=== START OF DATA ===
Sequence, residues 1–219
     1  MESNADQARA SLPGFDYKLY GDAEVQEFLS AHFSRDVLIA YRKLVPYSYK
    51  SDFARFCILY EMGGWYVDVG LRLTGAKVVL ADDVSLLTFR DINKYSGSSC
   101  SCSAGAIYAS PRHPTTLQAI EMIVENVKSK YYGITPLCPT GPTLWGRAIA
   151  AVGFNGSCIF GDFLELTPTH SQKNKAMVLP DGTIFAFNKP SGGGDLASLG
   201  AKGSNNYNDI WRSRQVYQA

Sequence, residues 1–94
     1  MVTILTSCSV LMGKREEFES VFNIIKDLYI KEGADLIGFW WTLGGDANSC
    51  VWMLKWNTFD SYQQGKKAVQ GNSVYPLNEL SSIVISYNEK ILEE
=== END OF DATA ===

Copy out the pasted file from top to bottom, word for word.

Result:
Sequence, residues 1–219
     1  MESNADQARA SLPGFDYKLY GDAEVQEFLS AHFSRDVLIA YRKLVPYSYK
    51  SDFARFCILY EMGGWYVDVG LRLTGAKVVL ADDVSLLTFR DINKYSGSSC
   101  SCSAGAIYAS PRHPTTLQAI EMIVENVKSK YYGITPLCPT GPTLWGRAIA
   151  AVGFNGSCIF GDFLELTPTH SQKNKAMVLP DGTIFAFNKP SGGGDLASLG
   201  AKGSNNYNDI WRSRQVYQA

Sequence, residues 1–94
     1  MVTILTSCSV LMGKREEFES VFNIIKDLYI KEGADLIGFW WTLGGDANSC
    51  VWMLKWNTFD SYQQGKKAVQ GNSVYPLNEL SSIVISYNEK ILEE